The changes, if approved, could affect a request for proposals for domestic equity managers, scheduled to be issued this month or next, added Mr. Boldt. Managers selected might be given different investment goals than those of current core managers, he said.
The fund's domestic small-capitalization and emerging managers are Amerindo Investment Advisors, Brown Capital Management Inc.; Oak Associates; Tiffany Capital Advisors Inc.; Valenzuela Capital Management Inc.; Spare, Kaplan, Bischel & Associates Inc.; and ValueQuest Ltd.
Active external international bond firms manage about $20 billion for CalPERS.
Other funds may follow
CalPERS could change other funds' attitudes toward in-house active money management if it is successful. CalPERS has a high profile worldwide, any many of its actions are imitated.
The trend, however, is toward reducing in-house management. Internal money management shrank sharply between 1994 and 1996, according to the Greenwich Associates survey of about 1,600 corporate and public pension funds and endowment funds. Only 13% of corporate funds and 21% of public funds have any internal money management, Greenwich said.
CalPERS already manages the most money in-house among U.S. pension funds. As of Sept. 30, CalPERS managed $64.1 billion internally; the New York Common Fund was second with $55.2 billion (Pensions & Investments, Jan. 20).
But neither asset category now managed internally at CalPERS is considered difficult to manage. CalPERS manages $35.5 billion in indexed domestic equities, which involves only tracking one or more indexes, not making judgments about securities.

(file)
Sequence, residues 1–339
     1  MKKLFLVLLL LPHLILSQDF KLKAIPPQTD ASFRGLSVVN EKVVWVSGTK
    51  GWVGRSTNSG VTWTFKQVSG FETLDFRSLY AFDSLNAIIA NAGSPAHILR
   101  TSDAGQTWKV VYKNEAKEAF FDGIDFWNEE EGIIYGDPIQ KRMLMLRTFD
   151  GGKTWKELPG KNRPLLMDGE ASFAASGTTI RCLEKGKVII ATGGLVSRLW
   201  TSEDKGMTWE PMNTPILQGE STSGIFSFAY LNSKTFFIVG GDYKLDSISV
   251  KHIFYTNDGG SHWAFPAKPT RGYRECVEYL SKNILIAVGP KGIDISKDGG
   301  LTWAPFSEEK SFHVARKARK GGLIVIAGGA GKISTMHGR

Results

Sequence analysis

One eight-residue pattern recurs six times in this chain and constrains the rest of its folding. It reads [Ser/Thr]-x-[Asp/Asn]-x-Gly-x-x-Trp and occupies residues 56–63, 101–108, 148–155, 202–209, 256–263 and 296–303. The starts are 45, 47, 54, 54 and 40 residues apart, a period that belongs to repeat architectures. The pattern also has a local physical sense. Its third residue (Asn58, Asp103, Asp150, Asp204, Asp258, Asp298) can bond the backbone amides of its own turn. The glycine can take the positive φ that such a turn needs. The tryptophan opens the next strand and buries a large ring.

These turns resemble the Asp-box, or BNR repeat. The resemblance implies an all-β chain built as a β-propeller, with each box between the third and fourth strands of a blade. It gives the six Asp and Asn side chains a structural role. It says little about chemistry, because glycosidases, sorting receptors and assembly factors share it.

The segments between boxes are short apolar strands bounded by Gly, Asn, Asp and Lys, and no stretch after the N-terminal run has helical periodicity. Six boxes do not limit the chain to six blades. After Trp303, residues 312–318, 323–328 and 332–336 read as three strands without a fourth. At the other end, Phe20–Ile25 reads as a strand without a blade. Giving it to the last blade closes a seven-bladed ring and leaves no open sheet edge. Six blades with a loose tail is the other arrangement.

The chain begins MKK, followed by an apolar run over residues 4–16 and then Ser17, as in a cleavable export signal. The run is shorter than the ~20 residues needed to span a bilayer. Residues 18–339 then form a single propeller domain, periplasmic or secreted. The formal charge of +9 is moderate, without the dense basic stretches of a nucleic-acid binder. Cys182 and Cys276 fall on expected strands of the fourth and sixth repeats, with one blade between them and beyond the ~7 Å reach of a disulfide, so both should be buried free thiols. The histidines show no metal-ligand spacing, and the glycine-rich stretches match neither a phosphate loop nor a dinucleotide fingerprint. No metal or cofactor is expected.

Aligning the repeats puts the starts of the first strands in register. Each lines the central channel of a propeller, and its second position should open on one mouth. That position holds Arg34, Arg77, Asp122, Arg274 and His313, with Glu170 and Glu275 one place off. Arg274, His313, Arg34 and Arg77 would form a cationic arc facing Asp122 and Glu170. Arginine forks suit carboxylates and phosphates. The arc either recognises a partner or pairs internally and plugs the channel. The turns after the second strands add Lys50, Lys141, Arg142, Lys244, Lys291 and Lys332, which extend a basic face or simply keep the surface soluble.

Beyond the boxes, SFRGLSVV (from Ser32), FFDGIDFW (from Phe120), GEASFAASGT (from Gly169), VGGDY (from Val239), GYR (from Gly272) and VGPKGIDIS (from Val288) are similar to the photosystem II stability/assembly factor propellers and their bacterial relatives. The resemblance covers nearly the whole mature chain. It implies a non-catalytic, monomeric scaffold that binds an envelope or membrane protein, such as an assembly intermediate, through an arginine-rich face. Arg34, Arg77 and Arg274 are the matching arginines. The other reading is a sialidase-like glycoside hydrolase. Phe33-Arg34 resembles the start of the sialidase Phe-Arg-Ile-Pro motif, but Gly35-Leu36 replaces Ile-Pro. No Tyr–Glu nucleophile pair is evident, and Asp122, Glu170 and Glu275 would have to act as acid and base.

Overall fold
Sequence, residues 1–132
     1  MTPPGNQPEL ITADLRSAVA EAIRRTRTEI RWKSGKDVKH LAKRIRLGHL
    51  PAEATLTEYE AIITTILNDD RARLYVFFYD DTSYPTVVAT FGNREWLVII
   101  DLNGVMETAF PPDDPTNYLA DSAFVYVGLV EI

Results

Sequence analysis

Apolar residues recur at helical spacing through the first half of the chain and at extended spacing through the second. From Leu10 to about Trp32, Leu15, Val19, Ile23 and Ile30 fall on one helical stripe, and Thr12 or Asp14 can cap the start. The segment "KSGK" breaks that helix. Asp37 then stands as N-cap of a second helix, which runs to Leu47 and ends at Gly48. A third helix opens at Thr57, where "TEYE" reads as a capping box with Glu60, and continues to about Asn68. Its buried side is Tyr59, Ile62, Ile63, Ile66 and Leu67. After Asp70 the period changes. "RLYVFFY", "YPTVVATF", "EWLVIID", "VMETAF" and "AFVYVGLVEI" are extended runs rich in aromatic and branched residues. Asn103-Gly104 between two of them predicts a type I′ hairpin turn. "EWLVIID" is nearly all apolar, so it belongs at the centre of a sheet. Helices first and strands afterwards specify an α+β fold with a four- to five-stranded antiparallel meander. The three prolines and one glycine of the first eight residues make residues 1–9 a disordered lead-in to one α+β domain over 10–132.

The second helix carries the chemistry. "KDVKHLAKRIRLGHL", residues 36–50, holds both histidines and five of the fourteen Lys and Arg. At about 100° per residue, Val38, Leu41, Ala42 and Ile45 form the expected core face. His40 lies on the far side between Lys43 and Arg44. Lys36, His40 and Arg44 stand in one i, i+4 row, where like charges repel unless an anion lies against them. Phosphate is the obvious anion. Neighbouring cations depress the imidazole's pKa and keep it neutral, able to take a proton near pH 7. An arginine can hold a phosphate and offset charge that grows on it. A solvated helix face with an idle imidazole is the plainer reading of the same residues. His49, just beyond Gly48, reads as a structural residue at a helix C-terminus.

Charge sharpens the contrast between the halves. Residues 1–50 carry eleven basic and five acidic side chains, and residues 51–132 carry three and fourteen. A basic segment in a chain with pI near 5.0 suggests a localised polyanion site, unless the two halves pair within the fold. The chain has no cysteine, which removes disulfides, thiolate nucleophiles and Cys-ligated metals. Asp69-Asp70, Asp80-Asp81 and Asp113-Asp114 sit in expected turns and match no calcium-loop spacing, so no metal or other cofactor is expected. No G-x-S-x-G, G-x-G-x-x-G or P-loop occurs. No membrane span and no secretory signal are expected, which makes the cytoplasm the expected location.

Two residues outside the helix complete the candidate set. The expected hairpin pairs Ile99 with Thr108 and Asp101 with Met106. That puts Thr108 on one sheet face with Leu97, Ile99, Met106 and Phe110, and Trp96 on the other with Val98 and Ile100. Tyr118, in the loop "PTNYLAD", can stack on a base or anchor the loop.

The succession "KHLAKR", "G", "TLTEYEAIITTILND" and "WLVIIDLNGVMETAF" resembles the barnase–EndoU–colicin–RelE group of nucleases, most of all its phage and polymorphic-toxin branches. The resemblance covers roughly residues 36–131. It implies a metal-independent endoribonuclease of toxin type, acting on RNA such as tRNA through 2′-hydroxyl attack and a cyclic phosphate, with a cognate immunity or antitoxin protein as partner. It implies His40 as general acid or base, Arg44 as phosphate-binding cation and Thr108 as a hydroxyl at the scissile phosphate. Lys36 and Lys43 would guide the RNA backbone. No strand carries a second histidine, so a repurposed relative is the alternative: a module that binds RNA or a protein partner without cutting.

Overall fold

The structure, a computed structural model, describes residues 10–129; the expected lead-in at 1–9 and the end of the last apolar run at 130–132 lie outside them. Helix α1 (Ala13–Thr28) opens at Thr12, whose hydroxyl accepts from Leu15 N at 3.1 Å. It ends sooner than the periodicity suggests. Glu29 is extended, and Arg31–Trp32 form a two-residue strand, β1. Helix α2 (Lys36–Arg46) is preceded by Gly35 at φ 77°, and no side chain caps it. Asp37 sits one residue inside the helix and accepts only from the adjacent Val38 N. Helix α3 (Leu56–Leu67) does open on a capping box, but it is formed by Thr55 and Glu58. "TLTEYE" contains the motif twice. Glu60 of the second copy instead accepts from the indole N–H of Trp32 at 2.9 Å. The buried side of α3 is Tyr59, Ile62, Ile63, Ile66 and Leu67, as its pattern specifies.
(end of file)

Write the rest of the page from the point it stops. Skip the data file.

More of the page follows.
In the 1980s, CalPERS used Chancellor Capital Management as a consultant/adviser for active equity management, and actual trades were carried out by the staff in accordance with state regulations at the time concerning custody of assets. However, investment decisions were made by Chancellor.
CalPERS also actively manages $28.6 billion in domestic bonds internally. But some consultants say U.S. bond investing, although difficult, is heavily mathematical and easier to manage than some other categories.
Internal equities "scary"
Many pension fund executives see in-house domestic equity investment as "scary," said Paul Green, a vice president with BARRA Inc., a Berkeley, Calif., consulting firm.
Pension officers say top in-house managers can demand high salaries, and will move to management firms that will pay those salaries. Departures of portfolio managers for higher salaries can mean rapid turnover.